The ‘leader’ replies:
“I agree with you that we should not over-use league tables although they are a valuable tool for us to see how other branches are performing and how other agencies are performing. We certainly don’t want to ever force customers to buy our products, rather we need to get more quality sales – that is customers who will stay with us for the long term.
On a broader basis, league tables should never be used as a threatening devise but purely as a motivational tool and we do need to be careful not to over-use this particular trick.”
Wrong on the first proposition, without knowing the extent and nature of variation he could be leading managers in making decisions about numbers that, while they are actually different may be just as expectable. Making decisions with no knowledge of variation brings extra cost to the system. Is that management’s job?
Right on the second sentence, but while he should not expect staff to force customers to buy, if he studied his system he might find (as I have with similar systems) the agent makes no difference to sales. Lots on all this in the book (a plug I know, but I don’t want to repeat it all here).
But to believe league tables to be a motivational tool (!). The best he can expect is people will be motivated to be seen to make their numbers, by fair means or foul – and lots on the cost of that in the book too.
When you study financial service organisations as systems you find abundant waste, poor service and poor sales – they throw away sales through bad design. And our top manager sits above all this thinking ‘how can I get them to do it?’ This man is not a leader.
A reader writes:
“I caught sight of this in a Forrester Research Report. When Forrester recently visited DaimlerChrysler’s diesel engine factory in Germany, we learned that its night shifts are more productive than its day shifts. DaimlerChrysler explained the discrepancy by the absence of management interference during the night shift.”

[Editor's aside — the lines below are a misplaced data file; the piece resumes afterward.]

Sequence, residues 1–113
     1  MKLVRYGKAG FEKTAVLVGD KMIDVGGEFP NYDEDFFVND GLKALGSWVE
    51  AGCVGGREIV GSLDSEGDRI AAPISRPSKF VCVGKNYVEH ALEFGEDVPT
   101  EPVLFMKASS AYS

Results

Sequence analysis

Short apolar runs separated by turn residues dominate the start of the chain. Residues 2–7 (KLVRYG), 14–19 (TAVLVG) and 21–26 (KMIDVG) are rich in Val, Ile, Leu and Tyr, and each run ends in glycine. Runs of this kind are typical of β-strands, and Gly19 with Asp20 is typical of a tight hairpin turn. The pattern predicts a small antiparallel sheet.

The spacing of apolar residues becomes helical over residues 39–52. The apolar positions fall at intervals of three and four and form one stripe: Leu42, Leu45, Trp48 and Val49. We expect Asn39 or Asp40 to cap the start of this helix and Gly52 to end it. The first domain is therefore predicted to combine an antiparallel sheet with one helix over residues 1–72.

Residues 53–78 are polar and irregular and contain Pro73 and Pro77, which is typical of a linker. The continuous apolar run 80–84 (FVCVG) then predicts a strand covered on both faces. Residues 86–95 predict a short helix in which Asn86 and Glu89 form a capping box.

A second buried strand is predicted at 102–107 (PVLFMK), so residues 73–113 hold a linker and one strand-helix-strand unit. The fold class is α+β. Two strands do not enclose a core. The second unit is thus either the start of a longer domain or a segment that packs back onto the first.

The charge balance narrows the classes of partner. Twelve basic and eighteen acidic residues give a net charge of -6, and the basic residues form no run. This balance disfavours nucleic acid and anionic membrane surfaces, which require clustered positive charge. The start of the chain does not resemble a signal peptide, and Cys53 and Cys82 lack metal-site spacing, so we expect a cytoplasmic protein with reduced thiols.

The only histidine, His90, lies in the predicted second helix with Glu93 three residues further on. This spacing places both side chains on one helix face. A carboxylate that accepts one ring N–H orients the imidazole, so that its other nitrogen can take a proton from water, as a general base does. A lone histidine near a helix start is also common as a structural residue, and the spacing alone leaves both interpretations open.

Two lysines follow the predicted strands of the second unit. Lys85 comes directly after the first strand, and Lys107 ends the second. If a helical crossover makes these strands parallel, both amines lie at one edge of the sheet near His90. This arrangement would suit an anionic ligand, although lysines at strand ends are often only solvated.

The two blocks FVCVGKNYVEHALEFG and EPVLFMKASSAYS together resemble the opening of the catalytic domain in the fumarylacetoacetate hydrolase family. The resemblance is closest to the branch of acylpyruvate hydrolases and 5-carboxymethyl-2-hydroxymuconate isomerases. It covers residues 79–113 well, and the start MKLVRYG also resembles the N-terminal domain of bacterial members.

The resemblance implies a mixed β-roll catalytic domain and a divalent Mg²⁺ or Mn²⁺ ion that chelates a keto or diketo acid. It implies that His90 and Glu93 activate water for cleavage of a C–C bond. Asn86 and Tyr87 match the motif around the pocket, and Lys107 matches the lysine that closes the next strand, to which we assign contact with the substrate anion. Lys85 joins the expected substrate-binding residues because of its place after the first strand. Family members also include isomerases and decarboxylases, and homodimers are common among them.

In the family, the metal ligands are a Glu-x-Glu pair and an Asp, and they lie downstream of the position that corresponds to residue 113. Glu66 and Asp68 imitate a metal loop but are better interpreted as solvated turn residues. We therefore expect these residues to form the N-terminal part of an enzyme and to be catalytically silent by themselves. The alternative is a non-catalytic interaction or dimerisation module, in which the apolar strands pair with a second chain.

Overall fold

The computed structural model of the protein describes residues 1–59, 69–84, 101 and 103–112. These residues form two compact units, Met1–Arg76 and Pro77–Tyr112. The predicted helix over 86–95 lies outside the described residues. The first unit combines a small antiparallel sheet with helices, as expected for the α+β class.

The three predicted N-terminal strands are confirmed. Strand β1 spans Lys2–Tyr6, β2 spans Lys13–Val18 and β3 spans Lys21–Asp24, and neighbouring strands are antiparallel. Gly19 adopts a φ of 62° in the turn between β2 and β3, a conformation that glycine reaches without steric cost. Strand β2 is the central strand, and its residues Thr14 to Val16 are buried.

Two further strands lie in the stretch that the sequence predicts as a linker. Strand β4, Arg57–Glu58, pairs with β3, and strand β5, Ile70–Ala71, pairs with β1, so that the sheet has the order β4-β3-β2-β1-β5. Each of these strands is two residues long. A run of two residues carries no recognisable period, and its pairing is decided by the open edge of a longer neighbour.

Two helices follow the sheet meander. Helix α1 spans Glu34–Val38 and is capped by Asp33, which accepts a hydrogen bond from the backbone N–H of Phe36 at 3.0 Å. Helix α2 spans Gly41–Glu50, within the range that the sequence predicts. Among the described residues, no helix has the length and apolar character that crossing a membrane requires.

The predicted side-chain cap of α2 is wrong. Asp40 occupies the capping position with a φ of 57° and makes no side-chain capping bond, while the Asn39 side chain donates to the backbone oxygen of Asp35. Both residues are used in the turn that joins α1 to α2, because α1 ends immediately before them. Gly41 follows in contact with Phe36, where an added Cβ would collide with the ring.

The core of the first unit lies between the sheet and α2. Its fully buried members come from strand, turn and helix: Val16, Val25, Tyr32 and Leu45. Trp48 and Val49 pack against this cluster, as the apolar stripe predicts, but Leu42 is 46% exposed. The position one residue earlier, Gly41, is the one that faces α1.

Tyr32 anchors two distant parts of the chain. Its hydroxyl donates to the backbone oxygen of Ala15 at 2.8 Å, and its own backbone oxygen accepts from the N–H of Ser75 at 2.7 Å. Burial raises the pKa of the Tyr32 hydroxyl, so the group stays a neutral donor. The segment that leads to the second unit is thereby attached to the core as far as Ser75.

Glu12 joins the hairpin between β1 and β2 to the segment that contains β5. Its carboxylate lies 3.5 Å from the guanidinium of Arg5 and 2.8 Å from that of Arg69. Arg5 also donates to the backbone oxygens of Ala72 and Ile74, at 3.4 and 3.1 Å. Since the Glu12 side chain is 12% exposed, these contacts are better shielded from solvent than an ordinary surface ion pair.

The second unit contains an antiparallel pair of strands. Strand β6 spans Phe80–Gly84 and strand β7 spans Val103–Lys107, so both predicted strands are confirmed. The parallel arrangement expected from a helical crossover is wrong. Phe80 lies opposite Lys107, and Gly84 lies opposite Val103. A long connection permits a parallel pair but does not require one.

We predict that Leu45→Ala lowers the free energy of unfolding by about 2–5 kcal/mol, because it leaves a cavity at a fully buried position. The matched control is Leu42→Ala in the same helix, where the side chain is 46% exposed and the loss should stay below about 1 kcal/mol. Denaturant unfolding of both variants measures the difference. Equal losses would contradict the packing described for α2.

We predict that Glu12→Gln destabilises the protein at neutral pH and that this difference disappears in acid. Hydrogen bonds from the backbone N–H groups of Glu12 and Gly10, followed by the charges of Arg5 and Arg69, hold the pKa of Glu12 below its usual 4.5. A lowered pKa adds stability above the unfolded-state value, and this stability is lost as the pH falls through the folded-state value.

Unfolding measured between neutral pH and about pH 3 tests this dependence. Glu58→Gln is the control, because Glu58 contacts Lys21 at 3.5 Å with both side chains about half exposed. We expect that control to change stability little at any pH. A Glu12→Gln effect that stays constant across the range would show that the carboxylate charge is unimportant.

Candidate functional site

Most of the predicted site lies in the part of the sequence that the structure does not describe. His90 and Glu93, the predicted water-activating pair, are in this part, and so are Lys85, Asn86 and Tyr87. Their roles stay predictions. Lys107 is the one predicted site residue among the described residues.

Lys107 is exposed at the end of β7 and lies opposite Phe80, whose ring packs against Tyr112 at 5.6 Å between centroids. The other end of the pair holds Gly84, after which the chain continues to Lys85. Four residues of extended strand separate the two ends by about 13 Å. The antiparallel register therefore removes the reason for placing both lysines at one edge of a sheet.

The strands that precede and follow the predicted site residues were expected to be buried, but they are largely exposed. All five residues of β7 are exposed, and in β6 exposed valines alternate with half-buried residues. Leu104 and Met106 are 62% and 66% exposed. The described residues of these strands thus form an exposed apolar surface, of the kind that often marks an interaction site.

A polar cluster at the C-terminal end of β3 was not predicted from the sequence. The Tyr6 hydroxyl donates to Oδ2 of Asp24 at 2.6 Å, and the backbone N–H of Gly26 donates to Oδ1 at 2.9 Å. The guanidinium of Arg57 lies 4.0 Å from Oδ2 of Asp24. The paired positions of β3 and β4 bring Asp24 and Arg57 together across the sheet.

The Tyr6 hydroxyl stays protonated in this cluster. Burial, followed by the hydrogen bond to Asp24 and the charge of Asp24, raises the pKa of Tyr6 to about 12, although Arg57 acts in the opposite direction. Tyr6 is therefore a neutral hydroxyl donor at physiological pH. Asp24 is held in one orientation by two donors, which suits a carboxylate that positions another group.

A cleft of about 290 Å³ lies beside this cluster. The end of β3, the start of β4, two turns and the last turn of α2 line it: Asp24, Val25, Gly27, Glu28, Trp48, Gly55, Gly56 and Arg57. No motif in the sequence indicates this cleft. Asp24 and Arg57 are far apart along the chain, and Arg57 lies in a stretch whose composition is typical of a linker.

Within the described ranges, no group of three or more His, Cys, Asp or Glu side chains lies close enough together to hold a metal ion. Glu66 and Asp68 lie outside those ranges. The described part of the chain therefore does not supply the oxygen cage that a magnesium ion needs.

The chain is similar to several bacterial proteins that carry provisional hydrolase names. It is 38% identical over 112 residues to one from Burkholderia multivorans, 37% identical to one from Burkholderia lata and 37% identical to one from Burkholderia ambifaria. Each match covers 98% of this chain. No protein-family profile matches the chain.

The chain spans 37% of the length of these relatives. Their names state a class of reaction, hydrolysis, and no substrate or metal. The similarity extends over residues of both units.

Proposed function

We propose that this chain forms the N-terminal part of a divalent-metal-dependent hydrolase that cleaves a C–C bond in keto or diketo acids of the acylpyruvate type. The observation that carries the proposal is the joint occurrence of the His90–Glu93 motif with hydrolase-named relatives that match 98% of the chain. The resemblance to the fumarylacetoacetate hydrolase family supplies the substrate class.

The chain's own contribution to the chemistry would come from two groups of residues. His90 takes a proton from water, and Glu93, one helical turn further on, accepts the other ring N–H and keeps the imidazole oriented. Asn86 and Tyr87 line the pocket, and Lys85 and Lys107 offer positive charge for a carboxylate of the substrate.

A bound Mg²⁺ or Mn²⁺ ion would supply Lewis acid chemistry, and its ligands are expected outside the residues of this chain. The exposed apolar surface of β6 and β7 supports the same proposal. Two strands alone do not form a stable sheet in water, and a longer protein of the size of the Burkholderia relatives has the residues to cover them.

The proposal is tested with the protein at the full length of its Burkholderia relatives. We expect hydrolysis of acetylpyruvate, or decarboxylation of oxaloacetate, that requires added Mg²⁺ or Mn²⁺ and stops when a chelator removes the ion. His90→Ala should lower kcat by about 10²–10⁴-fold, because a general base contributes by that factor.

The UK’s minister for health has halved the number of quangos (quasi-autonomous non-governmental organisations) sitting above the health service. In my terms this means fewer specifiers dictating what health service workers should do. He recognised the plethora of such bodies was doing nothing for improvement.
But why didn’t he close all of them?
We saw the same strange logic with targets: targets don’t work so we’ll have fewer of them. I think we need to look into the ministerial mind. Any observations welcome.
A doctor wrote in the Sunday Times:
“We … have a two-tier NHS. One is a virtual NHS of constantly improving statistics; the other is the real NHS, where we cook the waiting times with elaborate trolley manoeuvres. The great triumph of our managers has been to met targets often without cutting a single minute off the time that our patients wait.”